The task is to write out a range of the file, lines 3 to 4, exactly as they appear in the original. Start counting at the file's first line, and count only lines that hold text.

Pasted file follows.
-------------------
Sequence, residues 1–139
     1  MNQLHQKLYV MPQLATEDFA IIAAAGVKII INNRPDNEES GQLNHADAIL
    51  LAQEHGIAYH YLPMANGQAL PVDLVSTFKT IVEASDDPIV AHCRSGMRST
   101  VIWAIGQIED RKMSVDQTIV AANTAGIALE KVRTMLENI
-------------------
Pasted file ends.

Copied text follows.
    51  LAQEHGIAYH YLPMANGQAL PVDLVSTFKT IVEASDDPIV AHCRSGMRST
   101  VIWAIGQIED RKMSVDQTIV AANTAGIALE KVRTMLENI